SEP 20, 2020 5:08 AM PDT

Revealing the Structure of Hallucinogens Bound to Their Receptor

WRITTEN BY: Carmen Leitch

Recent studies have demonstrated that hallucinogenic drugs like LSD, psilocybin, and mescaline have therapeutic potential. Studies have shown that they can improve the symptoms of depression and anxiety, for example. But patients with those problems would obviously have to tolerate the significant effects of the drugs if they were to become an option for treatment. Their potential for abuse has also made them difficult to study. Researchers are working towards understanding how these drugs work on a molecule level. It may be possible to create beneficial drugs that can work therapeutically without hallucinations, or alter them so new medications can be created.

This illustration shows the chemical architecture of amino acids that make up the 5-HT2A serotonin receptor complex bound to a psychedelic compound (pink, top) Credit: Roth Lab (UNC School of Medicine)

Reporting in Cell, scientists have revealed the structure of the 5-HT2A serotonin receptor (HTR2A), a cell-surface receptor known to bind hallucinogens, while it's bound to LSD, psilocybin, and mescaline.

"Millions of people have taken these drugs recreationally, and now they are emerging as therapeutic agents," said co-senior study author Bryan L. Roth, M.D., Ph.D., the Michael Hooker Distinguished Professor of Pharmacology at the University of North Carolina School of Medicine. "Gaining this first glimpse of how they act at the molecular level is really important, a key to understanding how they work. Given the remarkable efficacy of psilocybin for depression (in Phase II trials), we are confident our findings will accelerate the discovery of fast-acting antidepressants and potentially new drugs to treat other conditions, such as severe anxiety and substance use disorder."

There are high levels of HTR2A in the cerebral cortex, and researchers have suggested that it's crucial to the effects of hallucinogens.

"When activated, the receptors cause neurons to fire in an asynchronous and disorganized fashion, putting noise into the brain's system," said Roth. "We think this is the reason these drugs cause a psychedelic experience. But it isn't at all clear how these drugs exert their therapeutic actions."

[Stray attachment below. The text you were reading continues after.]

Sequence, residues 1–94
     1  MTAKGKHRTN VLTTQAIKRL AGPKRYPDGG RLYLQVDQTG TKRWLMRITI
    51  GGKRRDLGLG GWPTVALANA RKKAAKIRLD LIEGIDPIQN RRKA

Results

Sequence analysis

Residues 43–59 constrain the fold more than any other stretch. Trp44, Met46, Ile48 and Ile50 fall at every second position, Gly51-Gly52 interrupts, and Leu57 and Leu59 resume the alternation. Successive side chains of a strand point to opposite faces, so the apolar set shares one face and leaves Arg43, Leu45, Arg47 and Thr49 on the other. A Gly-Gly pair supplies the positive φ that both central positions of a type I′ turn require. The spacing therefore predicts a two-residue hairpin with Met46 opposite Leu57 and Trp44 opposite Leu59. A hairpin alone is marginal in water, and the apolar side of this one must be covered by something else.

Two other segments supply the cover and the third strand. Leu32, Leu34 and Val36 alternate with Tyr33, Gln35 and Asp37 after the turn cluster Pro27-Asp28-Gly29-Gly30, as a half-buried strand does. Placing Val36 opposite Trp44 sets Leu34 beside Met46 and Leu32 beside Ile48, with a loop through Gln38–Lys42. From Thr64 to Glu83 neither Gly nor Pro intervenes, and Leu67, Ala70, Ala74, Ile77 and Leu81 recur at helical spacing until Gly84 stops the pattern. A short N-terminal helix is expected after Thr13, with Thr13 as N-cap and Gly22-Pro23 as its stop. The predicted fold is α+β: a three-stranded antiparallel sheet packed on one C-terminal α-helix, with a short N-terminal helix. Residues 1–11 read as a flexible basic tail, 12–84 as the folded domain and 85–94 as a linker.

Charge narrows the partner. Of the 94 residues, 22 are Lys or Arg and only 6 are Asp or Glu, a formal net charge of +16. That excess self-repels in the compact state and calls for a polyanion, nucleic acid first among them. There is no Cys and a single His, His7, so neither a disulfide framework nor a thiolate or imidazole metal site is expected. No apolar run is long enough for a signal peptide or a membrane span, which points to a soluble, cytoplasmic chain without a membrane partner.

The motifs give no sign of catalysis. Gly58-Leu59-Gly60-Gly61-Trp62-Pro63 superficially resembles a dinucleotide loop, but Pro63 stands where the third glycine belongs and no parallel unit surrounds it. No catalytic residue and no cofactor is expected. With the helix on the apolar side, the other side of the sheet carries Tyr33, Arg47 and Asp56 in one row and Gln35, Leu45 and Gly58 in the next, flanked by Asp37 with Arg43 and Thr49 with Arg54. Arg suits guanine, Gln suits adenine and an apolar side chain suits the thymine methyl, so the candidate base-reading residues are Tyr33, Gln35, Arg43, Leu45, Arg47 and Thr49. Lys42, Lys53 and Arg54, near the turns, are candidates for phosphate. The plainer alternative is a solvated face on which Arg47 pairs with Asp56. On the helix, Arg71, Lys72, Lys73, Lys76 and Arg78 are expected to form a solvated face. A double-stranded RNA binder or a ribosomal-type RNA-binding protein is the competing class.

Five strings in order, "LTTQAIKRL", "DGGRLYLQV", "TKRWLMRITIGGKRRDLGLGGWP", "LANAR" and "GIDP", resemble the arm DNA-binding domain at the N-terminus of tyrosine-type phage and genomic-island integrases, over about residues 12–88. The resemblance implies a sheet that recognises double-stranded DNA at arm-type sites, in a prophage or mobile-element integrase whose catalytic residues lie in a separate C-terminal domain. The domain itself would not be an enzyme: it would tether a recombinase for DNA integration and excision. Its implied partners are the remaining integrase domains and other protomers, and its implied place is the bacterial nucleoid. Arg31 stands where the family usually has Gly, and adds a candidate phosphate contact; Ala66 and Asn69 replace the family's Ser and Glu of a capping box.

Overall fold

Roth's lab worked with the lab of Stanford University School of Medicine structural biologist Georgios Skiniotis, Ph.D. "A combination of several different advances allowed us to do this research," Skiniotis said. "One of these is better, more homogeneous preparations of the receptor proteins. Another is the evolution of cryo-electron microscopy technology, which allows us to view very large complexes without having to crystalize them."

Study co-first author and Skiniotis lab postdoctoral researcher Kuglae Kim, Ph.D., played an integral part in the work.

"Kuglae was amazing," Roth said. "I'm not exaggerating when I say what he accomplished is among the most difficult things to do. Over three years in a deliberate, iterative, creative process, he was able to modify the serotonin protein slightly so that we could get sufficient quantities of a stable protein to study."

This enabled the team to generate the X-ray crystallography structure of LSD bound to HTR2A for the first time. The researchers used cryo-EM to create images of a candidate hallucinogen called 25-CN-NBOH, bound to the receptor and a complex including the effector protein Gαq. This complex is involved in neurotransmitter release.

Image credit: Pixabay

"The more we understand about how these drugs bind to the receptors, the better we'll understand their signaling properties," Skiniotis said. "This work doesn't give us the whole picture yet, but it's a fairly large piece of the puzzle."

Sources: AAAS/Eurekalert! via University of North Carolina Health Care, Cell

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Bachelor's (BA/BS/Other)
Experienced research scientist and technical expert with authorships on over 30 peer-reviewed publications, traveler to over 70 countries, published photographer and internationally-exhibited painter, volunteer trained in disaster-response, CPR and DV counseling.
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